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The field triage analysis project: improving the trauma patient care journey using data analytics

A recent collaboration between two PHSA teams will mean better emergency care for trauma patients from 9-1-1 call to hospital discharge.
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​Generally, the public associates ambulances and sirens with action, not data collection and analytics. However, BC Emergency Health Services (BCEHS) gathers extensive data in the care of their patients. The data collected on the patient’s journey – from the medical emergency event to transporting the patient to hospital – provides key information about the care they received and where improvements can be made.

According to the BC Trauma Registry, roughly 180,000 patients with traumatic injuries are cared for and transported by paramedics each year; how do you review quality of care for each of them? 

To measure quality of care, it’s vital that patient information is collected cleanly and organized for results. “Looking at silos of data can be difficult when your goal is to get a bird’s eye view of what happened to the patient,” says Jaimini Thakore, lead, Data, Evaluation and Analytics with Trauma Services BC (TSBC). “What we had to do was take all the information from the paramedics and create one patient-centric view.”

“It is well established that severely injured patients have better outcomes when treated at trauma centres.” says Wilson Wan, interim chief medical officer, BCEHS. “Linking data between BCEHS and TSBC helps us better understand how paramedics recognize severely injured patients, and the impact to each individual trauma patient based on where they are transported.”  

The field triage analysis project

“When you’re in my field, in analytics, the numbers and statistics can make you feel detached from the actual patient and what they’re experiencing,” says Recep Gezer, trauma biostatistician at TSBC.  “This project gives an interesting lens to see what’s going on with each patient and how you can change the system to help the next patient have better care.”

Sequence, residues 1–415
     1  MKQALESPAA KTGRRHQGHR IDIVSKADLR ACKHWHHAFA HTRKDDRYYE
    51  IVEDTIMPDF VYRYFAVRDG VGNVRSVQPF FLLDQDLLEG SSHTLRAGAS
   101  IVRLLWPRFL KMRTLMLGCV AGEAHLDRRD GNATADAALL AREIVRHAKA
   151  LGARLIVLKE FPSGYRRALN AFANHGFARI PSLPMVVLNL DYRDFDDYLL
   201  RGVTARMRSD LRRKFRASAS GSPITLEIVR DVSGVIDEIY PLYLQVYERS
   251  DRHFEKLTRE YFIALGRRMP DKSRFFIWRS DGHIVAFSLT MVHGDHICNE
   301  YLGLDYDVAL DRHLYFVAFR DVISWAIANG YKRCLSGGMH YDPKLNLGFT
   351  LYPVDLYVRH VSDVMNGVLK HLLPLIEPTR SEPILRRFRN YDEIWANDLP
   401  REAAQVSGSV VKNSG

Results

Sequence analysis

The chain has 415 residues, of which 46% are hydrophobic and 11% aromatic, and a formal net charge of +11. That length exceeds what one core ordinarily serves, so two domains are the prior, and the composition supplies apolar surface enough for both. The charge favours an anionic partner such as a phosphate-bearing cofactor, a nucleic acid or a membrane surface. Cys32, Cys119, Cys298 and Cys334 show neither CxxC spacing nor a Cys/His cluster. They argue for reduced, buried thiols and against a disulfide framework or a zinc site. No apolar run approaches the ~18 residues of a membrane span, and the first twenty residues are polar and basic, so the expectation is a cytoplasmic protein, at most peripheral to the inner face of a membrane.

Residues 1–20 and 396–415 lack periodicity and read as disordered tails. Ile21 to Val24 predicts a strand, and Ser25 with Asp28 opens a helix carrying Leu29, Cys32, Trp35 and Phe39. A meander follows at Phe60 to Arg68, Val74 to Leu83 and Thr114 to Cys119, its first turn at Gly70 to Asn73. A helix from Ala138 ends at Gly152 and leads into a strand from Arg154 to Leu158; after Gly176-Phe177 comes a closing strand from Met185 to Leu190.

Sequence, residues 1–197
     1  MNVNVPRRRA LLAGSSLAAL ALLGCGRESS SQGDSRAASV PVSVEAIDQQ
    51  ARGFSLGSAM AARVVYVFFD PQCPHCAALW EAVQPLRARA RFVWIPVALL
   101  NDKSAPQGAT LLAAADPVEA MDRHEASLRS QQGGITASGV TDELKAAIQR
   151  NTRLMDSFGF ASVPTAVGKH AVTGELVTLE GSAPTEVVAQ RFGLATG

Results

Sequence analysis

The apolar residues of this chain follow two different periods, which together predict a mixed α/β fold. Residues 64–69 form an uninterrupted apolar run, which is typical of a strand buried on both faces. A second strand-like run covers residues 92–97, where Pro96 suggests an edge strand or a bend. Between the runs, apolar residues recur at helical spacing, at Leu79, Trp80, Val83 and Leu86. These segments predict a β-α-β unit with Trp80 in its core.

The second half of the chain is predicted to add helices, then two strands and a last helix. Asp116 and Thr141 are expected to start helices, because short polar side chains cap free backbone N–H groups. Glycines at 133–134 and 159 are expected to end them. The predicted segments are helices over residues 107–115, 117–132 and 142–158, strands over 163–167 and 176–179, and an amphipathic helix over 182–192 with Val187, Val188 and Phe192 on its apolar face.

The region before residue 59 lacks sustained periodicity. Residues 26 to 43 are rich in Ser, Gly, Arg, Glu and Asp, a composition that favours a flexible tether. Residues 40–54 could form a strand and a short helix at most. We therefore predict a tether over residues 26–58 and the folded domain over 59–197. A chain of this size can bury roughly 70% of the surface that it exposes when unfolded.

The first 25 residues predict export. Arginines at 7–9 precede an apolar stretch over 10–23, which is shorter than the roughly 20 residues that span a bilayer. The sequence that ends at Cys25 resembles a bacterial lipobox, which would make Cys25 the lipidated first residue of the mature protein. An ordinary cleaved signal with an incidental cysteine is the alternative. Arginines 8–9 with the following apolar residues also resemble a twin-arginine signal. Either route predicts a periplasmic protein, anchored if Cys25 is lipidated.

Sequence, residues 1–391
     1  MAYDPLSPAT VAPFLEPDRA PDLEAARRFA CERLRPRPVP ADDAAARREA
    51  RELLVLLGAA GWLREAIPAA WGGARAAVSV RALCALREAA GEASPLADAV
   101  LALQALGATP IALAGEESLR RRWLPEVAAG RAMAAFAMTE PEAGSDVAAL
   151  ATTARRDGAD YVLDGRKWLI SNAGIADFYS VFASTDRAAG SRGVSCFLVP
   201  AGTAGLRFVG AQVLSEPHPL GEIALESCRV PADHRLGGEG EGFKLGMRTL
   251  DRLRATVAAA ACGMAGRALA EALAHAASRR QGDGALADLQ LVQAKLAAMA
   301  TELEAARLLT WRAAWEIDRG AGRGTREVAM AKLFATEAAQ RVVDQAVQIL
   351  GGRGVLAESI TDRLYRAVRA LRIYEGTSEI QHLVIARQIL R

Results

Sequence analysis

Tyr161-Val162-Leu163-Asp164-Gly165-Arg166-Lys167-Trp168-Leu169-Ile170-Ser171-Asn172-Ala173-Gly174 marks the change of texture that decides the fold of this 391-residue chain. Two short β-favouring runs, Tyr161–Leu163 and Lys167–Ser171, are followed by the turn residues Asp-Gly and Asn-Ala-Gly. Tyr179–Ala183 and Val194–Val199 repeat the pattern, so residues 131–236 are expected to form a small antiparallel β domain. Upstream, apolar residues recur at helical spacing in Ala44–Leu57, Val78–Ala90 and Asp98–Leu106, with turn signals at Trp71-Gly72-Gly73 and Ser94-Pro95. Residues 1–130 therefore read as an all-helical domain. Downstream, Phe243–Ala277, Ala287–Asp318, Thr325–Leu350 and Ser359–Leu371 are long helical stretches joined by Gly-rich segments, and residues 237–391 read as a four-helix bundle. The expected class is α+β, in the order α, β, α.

TSBC and BCEHS partnered to update the way BCEHS organizes its data related to traumatic injuries. They shared data collected during a patient’s journey after a major trauma into a single record using a set of algorithms. The resulting dataset simplified a series of complex data points so that decision makers could develop performance metrics.  This project used analytics to identify high risk cases for review by paramedic practice leads and health authority trauma leads to improve patient care.  

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Niyati Makkar, a business intelligence specialist with TSBC, was the developer on the project and responsible for building this new patient-centric view of the data. She used data generated from BCEHS dispatch and patient care record systems to link to Trauma Registry records, which are as follows:  

  • The file with the most information, called the events table, conveyed data about the incident including when the call was received by BCEHS 9-1-1 call takers, the location, how many ambulances were dispatched and which arrived first. 
  • The response table – when and how many ambulances were dispatched for a particular incident, which arrived first, and which ambulance transported the patient to the appropriate care facility.
  • The patient table, aptly named, holds data about the patient such as Personal Health Number, age, date of birth, vitals taken on scene. 
  • The management table – details the treatment given to the patient at the event.

“9-1-1 data, BCEHS electronic patient record (SIREN) and Trauma Registry data was stored in separate databases,” says Gezer. “In order to trace the patient’s journey from the time of incident all the way to, for example, Vancouver General Hospital, we connected those databases together.”

 “The BCEHS team has also streamlined processes for clinical case review and feedback to paramedics for ongoing professional development and learning,” adds Wan.

Organizing raw data into one place for finding key information

The BCEHS electronic database needs to support patient care documentation as well as resources used to optimize triage and transport. Sometimes there are multiple ambulances sent to an incident with multiple injured patients. When paramedics are responding to a medical emergency, the first responders may document part of the information – for example, vital signs – and hand off documentation to a second crew who may deliver more advanced care, then transport the patient to hospital. Detailed times and measurements are recorded but may be in separate places in the BCEHS database. 

“We’re improving the quality of data analysis and making it less labour-intensive because now we’re able to look at large volumes of data,” says Thakore. “On average, ambulances transport approximately 180,000 patients per year with traumatic injuries. How do you review quality of care on so many patients?”

“With this linkage between BCEHS and Trauma Registry data, BCEHS is now able to obtain information about what happened to a major trauma patient after arriving at the hospital, and the hospital obtains information about what happened to a major trauma patient prior to arrivals,” says Gezer. “The combined information helps us improve patient care.”


BCEHS; patient experience; Trauma Services BC
 
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